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Rating

8

Qualities

  • Important
  • Analytical
  • Controversial

Recommendation

Student loan debt in the United States is quickly becoming a crisis. But suppose this debt was forgiven, as some politicians have proposed? Forgetting about the cost of such a policy for a moment, how would forgiveness affect a borrower’s other consumer debt and income growth prospects? In this scholarly paper, economists Marco Di Maggio, Ankit Kalda and Vincent Yao find out what happens to people’s financial situations when they no longer face student debt. The results may surprise you, adding fuel to the arguments about this timely topic.

About the Authors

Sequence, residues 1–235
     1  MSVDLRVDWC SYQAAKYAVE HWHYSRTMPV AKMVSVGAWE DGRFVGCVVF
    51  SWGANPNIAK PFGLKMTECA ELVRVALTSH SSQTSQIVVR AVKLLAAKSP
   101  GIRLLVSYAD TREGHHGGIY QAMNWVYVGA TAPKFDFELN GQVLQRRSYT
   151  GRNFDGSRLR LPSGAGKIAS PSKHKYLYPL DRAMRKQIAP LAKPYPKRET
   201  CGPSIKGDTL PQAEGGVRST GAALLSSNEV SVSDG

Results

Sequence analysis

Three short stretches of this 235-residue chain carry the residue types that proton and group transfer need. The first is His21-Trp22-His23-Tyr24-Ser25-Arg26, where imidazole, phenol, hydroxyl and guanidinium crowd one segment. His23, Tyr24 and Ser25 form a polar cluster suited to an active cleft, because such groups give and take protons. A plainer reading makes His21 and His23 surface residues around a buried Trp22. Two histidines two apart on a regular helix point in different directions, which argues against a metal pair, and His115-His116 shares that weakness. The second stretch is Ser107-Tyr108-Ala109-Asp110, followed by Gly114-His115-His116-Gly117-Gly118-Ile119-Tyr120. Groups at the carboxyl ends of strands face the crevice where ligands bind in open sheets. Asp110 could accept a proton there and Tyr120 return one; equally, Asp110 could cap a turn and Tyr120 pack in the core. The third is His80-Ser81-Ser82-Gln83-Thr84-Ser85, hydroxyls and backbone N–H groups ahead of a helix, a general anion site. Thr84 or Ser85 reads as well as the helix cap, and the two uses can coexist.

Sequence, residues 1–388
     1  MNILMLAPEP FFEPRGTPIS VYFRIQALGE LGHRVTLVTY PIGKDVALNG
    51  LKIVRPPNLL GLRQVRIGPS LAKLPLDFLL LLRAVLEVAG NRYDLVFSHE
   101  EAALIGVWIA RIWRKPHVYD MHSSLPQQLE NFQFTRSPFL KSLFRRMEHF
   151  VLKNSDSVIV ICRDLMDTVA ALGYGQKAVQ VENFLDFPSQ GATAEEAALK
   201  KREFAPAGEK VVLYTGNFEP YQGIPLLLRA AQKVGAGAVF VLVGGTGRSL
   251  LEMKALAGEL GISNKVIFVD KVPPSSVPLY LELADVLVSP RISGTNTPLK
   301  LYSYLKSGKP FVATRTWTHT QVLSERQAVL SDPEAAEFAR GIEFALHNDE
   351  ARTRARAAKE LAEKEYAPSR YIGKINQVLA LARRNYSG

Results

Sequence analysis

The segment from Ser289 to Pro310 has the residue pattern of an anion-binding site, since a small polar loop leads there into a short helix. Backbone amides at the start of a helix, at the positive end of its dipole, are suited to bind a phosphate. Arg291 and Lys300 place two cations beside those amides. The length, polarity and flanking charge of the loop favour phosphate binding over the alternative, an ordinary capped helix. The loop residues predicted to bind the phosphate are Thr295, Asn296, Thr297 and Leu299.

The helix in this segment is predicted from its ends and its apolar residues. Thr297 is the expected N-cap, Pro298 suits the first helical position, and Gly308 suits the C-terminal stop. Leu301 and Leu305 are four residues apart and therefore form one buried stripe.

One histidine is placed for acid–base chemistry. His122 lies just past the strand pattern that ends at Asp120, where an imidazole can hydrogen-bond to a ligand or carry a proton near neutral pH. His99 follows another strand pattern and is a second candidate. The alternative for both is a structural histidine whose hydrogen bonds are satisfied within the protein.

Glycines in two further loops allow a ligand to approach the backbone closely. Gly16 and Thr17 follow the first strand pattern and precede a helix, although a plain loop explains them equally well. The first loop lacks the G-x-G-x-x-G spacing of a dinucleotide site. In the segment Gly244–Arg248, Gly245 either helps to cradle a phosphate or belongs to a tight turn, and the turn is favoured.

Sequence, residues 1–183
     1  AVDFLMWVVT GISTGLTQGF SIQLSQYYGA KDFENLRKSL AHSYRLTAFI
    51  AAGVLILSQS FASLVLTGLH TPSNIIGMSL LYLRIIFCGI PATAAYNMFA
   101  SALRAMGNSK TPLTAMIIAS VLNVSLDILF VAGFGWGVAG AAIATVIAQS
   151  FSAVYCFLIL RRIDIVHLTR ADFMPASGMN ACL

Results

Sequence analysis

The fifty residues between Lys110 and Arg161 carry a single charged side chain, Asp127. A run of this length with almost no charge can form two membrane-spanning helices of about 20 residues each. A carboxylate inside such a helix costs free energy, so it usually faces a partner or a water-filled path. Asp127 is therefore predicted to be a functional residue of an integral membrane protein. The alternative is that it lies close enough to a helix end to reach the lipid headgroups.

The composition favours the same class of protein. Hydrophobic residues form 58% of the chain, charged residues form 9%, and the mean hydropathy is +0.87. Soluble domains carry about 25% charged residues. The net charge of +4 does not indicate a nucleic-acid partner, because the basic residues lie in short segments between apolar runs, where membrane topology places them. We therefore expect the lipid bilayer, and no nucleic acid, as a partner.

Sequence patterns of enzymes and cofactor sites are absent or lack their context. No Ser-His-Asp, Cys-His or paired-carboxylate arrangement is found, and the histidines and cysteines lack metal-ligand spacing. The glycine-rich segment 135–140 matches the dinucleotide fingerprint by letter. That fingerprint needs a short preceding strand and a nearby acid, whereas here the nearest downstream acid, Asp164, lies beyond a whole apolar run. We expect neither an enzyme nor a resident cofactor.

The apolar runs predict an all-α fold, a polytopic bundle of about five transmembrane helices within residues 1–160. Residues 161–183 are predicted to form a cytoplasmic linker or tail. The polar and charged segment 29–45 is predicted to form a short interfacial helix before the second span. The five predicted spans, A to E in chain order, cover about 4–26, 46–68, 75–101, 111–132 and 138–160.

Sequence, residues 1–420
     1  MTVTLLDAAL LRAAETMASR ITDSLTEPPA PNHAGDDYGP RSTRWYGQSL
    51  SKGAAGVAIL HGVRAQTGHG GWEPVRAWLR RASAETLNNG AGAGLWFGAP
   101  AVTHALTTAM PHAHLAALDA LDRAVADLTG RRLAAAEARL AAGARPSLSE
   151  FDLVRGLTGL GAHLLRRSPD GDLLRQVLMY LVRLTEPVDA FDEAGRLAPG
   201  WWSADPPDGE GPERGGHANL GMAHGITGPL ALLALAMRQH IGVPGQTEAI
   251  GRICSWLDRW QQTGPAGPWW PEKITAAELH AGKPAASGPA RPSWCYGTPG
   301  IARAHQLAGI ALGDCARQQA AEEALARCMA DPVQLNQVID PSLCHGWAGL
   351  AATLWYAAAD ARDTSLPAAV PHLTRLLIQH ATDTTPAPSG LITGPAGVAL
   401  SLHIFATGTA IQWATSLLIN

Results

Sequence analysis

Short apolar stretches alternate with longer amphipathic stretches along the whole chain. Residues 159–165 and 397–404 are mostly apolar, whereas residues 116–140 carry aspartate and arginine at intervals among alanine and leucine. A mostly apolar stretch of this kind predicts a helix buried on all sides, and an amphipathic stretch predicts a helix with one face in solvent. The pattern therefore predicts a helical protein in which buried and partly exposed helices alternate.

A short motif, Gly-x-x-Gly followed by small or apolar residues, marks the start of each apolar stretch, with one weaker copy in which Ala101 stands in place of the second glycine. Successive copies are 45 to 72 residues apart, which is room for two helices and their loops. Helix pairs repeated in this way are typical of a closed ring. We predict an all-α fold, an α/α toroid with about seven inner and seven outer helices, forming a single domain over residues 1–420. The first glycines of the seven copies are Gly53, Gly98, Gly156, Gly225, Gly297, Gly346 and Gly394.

Marco Di Maggio is an assistant professor at Harvard Business School. Ankit Kalda is an assistant professor at Indiana University. Vincent W. Yao is an associate professor at Georgia State University.

 

Summary

The sheer magnitude of student loan debt in the United States has become a major cause for concern. It stood at $1.5 trillion as of the first quarter of 2018. To put this in perspective, student loan debt outpaces the balances on auto loans, credit card debt and home equity lines of credit, to rank second only to mortgages among consumer debt in America. Forty-four million graduates have loans averaging $30,000, and 11% of borrowers have failed to make their last three monthly payments.

But if it were possible to forgive student loan debt, what...


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